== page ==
It's been a few years since my last visit, but I still remember sailing out of Venice on my Mediterranean cruise. A beautiful, clear day, I was up on the top deck, taking in all of the stunning sites. As we passed by some of the islands, it reminded me that while there is so much to see and experience in Venice, we oftentimes don't leave the city itself.
I always suggest setting aside a day, weather permitting, to get out and visit the Venetian Islands. If time is limited, a half day tour of Murano, Burano and Torcello will give you a good flavor, but if you have the time, spending a full day exploring these islands plus San Michele and possibly Lido di Venizia won't be disappointing. Find the right vaporetto stop, hop on and be on your way.
Glass has been made here for at least 1300 years. Artisans craft everything from watches, paperweights and glass figurines to wine stoppers and magnificent chandeliers. You can certainly find these souvenirs all around Venice, but there's nothing like getting them right from the source! A visit to the Glass Museum provides a fantastic history of glass making too.
Famous glass artisan Dale Chihuly credits many of his inspirations to Venice, having worked at Venini Glass on a Fulbright fellowship back in 1968.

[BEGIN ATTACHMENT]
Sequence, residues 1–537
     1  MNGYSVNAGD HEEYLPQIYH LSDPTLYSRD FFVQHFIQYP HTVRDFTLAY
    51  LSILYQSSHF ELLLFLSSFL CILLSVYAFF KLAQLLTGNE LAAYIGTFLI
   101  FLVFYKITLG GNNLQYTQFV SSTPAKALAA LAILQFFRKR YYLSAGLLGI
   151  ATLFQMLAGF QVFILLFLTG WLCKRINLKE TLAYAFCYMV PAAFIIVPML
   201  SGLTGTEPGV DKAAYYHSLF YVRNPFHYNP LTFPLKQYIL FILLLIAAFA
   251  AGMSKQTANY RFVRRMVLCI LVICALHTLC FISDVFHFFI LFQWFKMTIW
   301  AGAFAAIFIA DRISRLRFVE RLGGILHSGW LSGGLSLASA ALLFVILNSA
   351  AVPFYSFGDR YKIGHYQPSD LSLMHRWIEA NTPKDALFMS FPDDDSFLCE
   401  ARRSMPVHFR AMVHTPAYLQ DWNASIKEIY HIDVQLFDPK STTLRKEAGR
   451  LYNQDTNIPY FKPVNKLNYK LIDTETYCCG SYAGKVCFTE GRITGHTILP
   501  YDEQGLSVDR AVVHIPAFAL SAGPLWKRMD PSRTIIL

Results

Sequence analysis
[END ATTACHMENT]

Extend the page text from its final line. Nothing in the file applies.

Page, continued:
The island is not very big, but quaint and easy to get around. Take some time to visit the Lace Museum, where you can learn the history of this art. The two story building contains impressive displays of both historic and contemporary designs. With some luck you'll be able to observe a sewing circle of ladies wielding their needles and talents.
Be careful though when purchasing lace items to take home. True Venetian Point lace is very limited, and many of the items in the shops are imported or machine made.
If you have time to spare, take a stroll over to Mazzorbo, a very small, mostly rural island connected to Burano by a footbridge. A walk through the area gives you a chance to see more brightly painted homes and time away from the more touristy areas.
Be sure to check out the Protestant and Orthodox sections - not as well kept as the Catholic section, they contain several graves of famous foreigners, including Ezra Pound (American poet), Serge Diaghilev (whose grave normally is decorated with a ballet slipper), and Igor Stravinsky (Russian composer and pianist).